Shauna Lewis
Jun 27, 2022

Should the pitch process end at chemistry meetings?

After Mother and TBWA\London called for the process to end after chemistry meetings, Campaign asked others for their opinion on this contentious topic.

Clockwise from top left: Oli Richards, Rebecca Nunneley, Dino Myers-Lamptey, Tracey Barber, Stephanie Brimacombe, Graeme Douglas and Kieron Matthews.
Clockwise from top left: Oli Richards, Rebecca Nunneley, Dino Myers-Lamptey, Tracey Barber, Stephanie Brimacombe, Graeme Douglas and Kieron Matthews.

After a pitch process is completed, agencies can sometimes be rewarded with a lucrative new client, a strong new team dynamic, and an exciting creative job. More often than not, all they get is a rejection phone call, unpaid overtime and a nice helping of burnout.

The pitching process isn’t perfect – some might even say it’s broken – and slowly, the industry is beginning to push back against its extensive procedure and requirements of staff.

In May, the Pitch Positive Pledge was launched by the IPA and ISBA, aiming to improve transparency, mental wellbeing, quality of work and reduce costs and wastage.

Then last week, Mother called on clients to end the pitch process at chemistry meetings.

The agency promised to invest first-year profits from new clients into programmes that help the next generation get into creativity, as long as clients appoint them after the chemistry meeting.

Part of Mother’s Pitch It Forward initiative, which aims to limit the “relentless pitching merry-go-round", TBWA\London joined soon after.

And it could work. Speaking to Campaign previously, Martin Jones, managing partner at intermediary AAR, said: “It really is to me the most important meeting in any pitch process. That’s the one I would never do away with.”

After Mother and TBWA\London put their cards on the table, Campaign asked some more of adland’s best and brightest to pitch in with their own perspective.

Tracey Barber
Global chief marketing officer, Havas Creative Group

Havas’ recent research report, which examined the increasing role of procurement in client/agency selection and ongoing relationships, found more than half believe agencies overpromise and underdeliver. Clearly, the current system isn’t delivering, so I’m all for shaking things up – for the mutual benefit of brands and agencies alike.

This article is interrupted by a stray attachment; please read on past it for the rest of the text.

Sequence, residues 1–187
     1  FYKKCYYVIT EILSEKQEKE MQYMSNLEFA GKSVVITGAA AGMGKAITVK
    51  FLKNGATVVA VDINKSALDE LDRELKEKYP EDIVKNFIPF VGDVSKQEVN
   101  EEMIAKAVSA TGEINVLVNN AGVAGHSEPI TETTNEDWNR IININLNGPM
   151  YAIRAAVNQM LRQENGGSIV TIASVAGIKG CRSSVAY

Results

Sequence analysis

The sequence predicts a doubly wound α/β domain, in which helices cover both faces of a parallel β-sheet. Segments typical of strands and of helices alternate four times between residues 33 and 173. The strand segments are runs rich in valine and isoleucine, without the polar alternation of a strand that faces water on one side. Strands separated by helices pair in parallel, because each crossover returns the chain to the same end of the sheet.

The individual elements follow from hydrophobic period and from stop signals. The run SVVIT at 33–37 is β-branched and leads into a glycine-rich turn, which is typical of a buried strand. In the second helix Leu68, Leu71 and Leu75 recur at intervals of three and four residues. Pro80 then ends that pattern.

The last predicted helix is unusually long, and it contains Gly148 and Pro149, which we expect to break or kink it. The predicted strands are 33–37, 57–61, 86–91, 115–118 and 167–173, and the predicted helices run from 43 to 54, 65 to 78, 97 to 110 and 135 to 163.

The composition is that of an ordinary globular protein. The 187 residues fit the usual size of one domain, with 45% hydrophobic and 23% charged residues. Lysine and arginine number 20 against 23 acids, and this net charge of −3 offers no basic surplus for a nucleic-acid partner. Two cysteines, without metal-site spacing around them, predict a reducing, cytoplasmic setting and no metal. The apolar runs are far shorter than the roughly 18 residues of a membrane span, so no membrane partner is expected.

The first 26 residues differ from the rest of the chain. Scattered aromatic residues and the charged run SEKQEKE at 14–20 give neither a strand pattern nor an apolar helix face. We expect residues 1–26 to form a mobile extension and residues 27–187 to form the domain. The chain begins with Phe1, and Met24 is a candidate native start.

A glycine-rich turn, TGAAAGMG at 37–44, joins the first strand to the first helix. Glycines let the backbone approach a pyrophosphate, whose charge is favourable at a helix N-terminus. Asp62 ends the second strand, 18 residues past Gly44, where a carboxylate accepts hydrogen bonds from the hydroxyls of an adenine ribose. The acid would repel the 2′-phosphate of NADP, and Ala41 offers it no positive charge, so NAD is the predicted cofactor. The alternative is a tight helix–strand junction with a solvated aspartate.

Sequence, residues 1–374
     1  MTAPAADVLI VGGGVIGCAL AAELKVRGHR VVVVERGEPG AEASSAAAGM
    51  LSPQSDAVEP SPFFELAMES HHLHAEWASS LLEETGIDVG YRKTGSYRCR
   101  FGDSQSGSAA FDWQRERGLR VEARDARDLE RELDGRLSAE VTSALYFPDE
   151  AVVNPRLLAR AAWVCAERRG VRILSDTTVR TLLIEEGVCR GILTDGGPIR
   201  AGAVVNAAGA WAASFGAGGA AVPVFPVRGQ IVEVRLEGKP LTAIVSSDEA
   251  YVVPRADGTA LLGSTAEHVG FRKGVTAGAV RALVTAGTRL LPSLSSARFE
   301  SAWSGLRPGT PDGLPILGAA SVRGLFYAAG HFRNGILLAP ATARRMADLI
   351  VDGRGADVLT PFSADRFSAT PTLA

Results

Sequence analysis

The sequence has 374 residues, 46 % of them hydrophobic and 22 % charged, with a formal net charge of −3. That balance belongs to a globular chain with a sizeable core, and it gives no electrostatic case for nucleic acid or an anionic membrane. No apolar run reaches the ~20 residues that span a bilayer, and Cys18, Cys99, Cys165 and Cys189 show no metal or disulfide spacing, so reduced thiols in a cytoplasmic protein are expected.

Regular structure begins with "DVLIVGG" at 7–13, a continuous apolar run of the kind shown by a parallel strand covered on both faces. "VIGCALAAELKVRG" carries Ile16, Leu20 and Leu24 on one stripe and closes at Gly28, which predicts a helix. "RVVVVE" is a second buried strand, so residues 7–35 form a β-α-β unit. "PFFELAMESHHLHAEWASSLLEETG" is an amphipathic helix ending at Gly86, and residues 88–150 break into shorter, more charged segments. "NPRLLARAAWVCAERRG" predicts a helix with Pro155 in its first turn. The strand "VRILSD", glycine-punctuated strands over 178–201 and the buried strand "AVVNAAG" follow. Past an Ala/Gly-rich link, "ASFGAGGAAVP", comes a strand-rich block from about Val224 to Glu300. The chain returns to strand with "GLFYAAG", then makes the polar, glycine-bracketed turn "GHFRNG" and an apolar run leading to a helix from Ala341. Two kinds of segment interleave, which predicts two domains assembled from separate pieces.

Recent initiatives, however, which look at tweaking established processes in isolation, start at the wrong point. It’s not about process. It’s about partnership.

We’ve begun running workshops, with marketing, procurement, agency and new business teams together, to craft better ways of working. There’s no reason the same approach can’t be applied to the "pitch process", with the onus on collaboration and mutual problem-solving rather than simply repurposing one stage of an antiquated process.

It requires candour, brutal honestly and the ability to say (and hear) "no", but will, I’d wager, lead to longer lasting and more mutually satisfying relationships.

Stephanie Brimacombe
Group chief marketing officer, VCCP

Of course, we should aspire to end a pitch process early and save all that time, money, wastage and stress. In many cases a chemistry meeting and strategic discussion will suffice. Agencies should be judged on the chemistry in the room and the past work they have delivered for other clients, after all, it's the people who make the work happen. But we'd be naive to think there won't be instances where clients will want to see the work and that's fine too, as long as they take responsibility and are prepared to pay for it. Not a token £5,000 but a real contribution that is representative of the hours and time spent on developing a full-blown creative pitch.

This is happening on occasion, but we are some way off this becoming standard. I am delighted to see the industry-wide uptake of the Pitch Positive Pledge and hope this signals a more intentional and accountable era of agency selection.

Oli Richards
Chief marketing officer, The Beyond Collective

I want with all my being to say a resounding yes to this. A shorter process focused on the talent that’ll be working on your business, not the development of an idea that’ll never see the light of day, should be the way forward, right? The reality, though, is that very few agencies ever walk away from opportunities as a result of the pitch process – especially if the size of the prize at the end is significant. Recent headlines and the IPA’s Pitch Positive Pledge are signs that there is a desire to have something more appropriately shaped, but real lasting change will come from us all saying no a little bit more.